Chambers off for trials at Rangers and Sunderland

Jack Chambers is presented with the Bertie Peacock Trophy by Northern Ireland manager Michael O'Neill. Picture by Stephen Hamilton / Press Eye.
Jack Chambers is presented with the Bertie Peacock Trophy by Northern Ireland manager Michael O'Neill. Picture by Stephen Hamilton / Press Eye.

Banbridge lad Jack Chambers is edging closer to a full-time contract.

The County Down Milk Cup star will travel to Glasgow for a trial at Rangers later this month before also heading to Sunderland in October.

He will spend five days at Rangers from August 26th and is likely to be invited by more full-time clubs as the clamour for Chambers’ signature begins.

It all comes after the Linfield midfielder picked up the Bertie Peacock trophy for the best county player at the Milk Cup.

And that has put him firmly in the shop window as his ‘dream’ move now looks that bit more possible.

“Hopefully after these number of trials I have coming up, I can get over there,” he told the ‘LEADER.’

“It would be a dream to play over there and hopefully go on to play the rest of my career in England or elsewhere at a professional level.”

Chambers is hoping that move will happen at the end of the coming season, although his 12th July birthday means he would still have a year of GCSEs to complete after any move.

The 15 year-old captained County Down’s Junior Milk Cup side to the Globe final, where they lost 1-0 to Rangers.

Despite that defeat though, it was a game that may have helped Chambers fulfil his ambitions with the Glasgow side now a very possible destination.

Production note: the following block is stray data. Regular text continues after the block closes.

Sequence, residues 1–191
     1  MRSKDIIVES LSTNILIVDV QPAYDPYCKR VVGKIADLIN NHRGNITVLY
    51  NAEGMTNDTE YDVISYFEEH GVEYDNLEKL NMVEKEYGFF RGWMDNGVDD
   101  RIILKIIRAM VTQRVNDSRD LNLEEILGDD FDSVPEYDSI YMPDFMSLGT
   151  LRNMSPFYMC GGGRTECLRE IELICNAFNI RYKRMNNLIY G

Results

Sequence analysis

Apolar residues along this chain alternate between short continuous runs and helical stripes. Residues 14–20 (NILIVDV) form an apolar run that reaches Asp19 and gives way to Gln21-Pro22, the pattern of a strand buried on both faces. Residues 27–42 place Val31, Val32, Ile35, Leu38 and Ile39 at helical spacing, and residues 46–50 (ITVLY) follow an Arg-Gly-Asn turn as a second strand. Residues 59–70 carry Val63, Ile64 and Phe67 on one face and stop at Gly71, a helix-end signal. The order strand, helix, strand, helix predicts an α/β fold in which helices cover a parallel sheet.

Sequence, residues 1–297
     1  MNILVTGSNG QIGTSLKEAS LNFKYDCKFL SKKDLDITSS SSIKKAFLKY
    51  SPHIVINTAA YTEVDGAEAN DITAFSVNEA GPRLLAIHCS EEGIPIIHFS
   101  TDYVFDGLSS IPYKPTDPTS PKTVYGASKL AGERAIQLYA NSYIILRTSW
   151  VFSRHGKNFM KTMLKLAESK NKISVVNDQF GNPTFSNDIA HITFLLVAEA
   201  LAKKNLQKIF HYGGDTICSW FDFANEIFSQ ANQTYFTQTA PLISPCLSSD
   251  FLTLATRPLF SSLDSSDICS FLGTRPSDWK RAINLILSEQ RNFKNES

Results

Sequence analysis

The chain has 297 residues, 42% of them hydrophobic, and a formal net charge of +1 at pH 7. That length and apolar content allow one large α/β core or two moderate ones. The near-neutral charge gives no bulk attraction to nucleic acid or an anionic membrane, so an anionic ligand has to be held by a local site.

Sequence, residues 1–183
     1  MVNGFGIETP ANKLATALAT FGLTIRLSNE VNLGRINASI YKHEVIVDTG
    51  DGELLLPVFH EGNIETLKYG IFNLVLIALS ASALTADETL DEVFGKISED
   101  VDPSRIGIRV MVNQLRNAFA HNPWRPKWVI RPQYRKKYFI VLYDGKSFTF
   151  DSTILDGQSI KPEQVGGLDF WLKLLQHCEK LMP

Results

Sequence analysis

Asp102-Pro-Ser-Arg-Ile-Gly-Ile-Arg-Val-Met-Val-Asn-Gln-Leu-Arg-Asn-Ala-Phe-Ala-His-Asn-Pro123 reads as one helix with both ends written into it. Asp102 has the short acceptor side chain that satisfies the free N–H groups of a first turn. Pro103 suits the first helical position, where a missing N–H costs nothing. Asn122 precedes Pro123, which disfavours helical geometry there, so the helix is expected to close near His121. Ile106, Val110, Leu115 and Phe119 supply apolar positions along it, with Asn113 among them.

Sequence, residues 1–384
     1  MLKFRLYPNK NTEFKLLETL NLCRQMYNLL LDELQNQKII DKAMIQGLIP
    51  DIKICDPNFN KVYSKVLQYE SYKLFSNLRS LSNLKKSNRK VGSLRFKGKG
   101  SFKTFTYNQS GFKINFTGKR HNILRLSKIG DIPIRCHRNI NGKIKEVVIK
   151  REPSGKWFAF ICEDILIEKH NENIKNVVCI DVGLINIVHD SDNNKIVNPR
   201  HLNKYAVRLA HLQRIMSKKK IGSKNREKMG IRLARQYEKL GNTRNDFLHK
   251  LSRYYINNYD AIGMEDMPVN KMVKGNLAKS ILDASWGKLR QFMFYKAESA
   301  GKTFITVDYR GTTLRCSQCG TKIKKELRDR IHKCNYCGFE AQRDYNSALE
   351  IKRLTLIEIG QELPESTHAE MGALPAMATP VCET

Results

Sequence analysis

“I was aware of a few English clubs watching me (at the Milk Cup) but it didn’t change my mind set and I continued playing my normal game no matter who was watching and also helping the team to win the games,” he said.

Chambers isn’t the first Banbridge player to have picked up the prestigious Bertie Peacock trophy, Aaron Burns having scooped the award for his performances for County Down back in 2007.

“It was a brilliant feeling,” Chambers said after being presented the award by Northern Ireland boss Michael O’Neill.

“I didn’t actually know about it until the County Down presentation at the Lodge, when I was named County Player for the Tournament. It obviously came as a bit of a surprise but I am absolutely delighted.”

Down Junior manager David Bryson was full of praise for his skipper.

“When you are looking for a captain, you are not just looking for someone who is a very good footballer, you are also looking for someone who can inspire people, an individual who recognizes that their mate is struggling and is able to help.

“Jack has that quality in abundance and was the ultimate team player,” he told the Down Milk Cup website.

Before the tournament, Jack had told the LEADER of his desire to get his own back on Brentford, who had beaten down 4-3 last year.

He said: “The highlight of the week on the football pitch was obviously beating Brentford 4-0 and scorning a goal in that game was also nice. Off the pitch, our highlight was a prank in which we pulled on the two County Down managers of both squads but I won’t go into anymore detail.”

A mystery that remains but the secret of Chambers’ talents is quickly getting out.